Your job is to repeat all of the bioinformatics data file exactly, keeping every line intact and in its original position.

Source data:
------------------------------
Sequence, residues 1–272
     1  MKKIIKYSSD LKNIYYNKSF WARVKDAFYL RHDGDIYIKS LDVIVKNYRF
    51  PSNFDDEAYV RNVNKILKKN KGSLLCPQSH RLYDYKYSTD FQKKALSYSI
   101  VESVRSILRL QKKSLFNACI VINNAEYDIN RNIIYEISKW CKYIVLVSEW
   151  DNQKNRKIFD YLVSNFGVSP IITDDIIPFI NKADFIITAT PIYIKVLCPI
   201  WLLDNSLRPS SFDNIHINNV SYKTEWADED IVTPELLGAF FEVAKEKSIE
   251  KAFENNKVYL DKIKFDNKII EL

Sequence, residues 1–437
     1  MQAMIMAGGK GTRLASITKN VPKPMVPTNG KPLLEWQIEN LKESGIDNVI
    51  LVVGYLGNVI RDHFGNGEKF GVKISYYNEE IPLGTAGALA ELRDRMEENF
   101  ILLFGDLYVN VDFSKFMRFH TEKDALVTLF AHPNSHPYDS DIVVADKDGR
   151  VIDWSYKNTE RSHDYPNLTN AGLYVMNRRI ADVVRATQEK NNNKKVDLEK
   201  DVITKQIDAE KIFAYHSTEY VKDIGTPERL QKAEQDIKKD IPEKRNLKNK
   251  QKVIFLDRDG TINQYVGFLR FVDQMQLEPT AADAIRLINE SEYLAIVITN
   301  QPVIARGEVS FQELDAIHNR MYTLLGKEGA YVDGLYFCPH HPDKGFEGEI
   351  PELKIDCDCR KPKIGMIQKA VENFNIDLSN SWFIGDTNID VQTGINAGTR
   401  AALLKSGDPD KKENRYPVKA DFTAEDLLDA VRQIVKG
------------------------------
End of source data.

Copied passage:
Sequence, residues 1–272
     1  MKKIIKYSSD LKNIYYNKSF WARVKDAFYL RHDGDIYIKS LDVIVKNYRF
    51  PSNFDDEAYV RNVNKILKKN KGSLLCPQSH RLYDYKYSTD FQKKALSYSI
   101  VESVRSILRL QKKSLFNACI VINNAEYDIN RNIIYEISKW CKYIVLVSEW
   151  DNQKNRKIFD YLVSNFGVSP IITDDIIPFI NKADFIITAT PIYIKVLCPI
   201  WLLDNSLRPS SFDNIHINNV SYKTEWADED IVTPELLGAF FEVAKEKSIE
   251  KAFENNKVYL DKIKFDNKII EL

Sequence, residues 1–437
     1  MQAMIMAGGK GTRLASITKN VPKPMVPTNG KPLLEWQIEN LKESGIDNVI
    51  LVVGYLGNVI RDHFGNGEKF GVKISYYNEE IPLGTAGALA ELRDRMEENF
   101  ILLFGDLYVN VDFSKFMRFH TEKDALVTLF AHPNSHPYDS DIVVADKDGR
   151  VIDWSYKNTE RSHDYPNLTN AGLYVMNRRI ADVVRATQEK NNNKKVDLEK
   201  DVITKQIDAE KIFAYHSTEY VKDIGTPERL QKAEQDIKKD IPEKRNLKNK
   251  QKVIFLDRDG TINQYVGFLR FVDQMQLEPT AADAIRLINE SEYLAIVITN
   301  QPVIARGEVS FQELDAIHNR MYTLLGKEGA YVDGLYFCPH HPDKGFEGEI
   351  PELKIDCDCR KPKIGMIQKA VENFNIDLSN SWFIGDTNID VQTGINAGTR
   401  AALLKSGDPD KKENRYPVKA DFTAEDLLDA VRQIVKG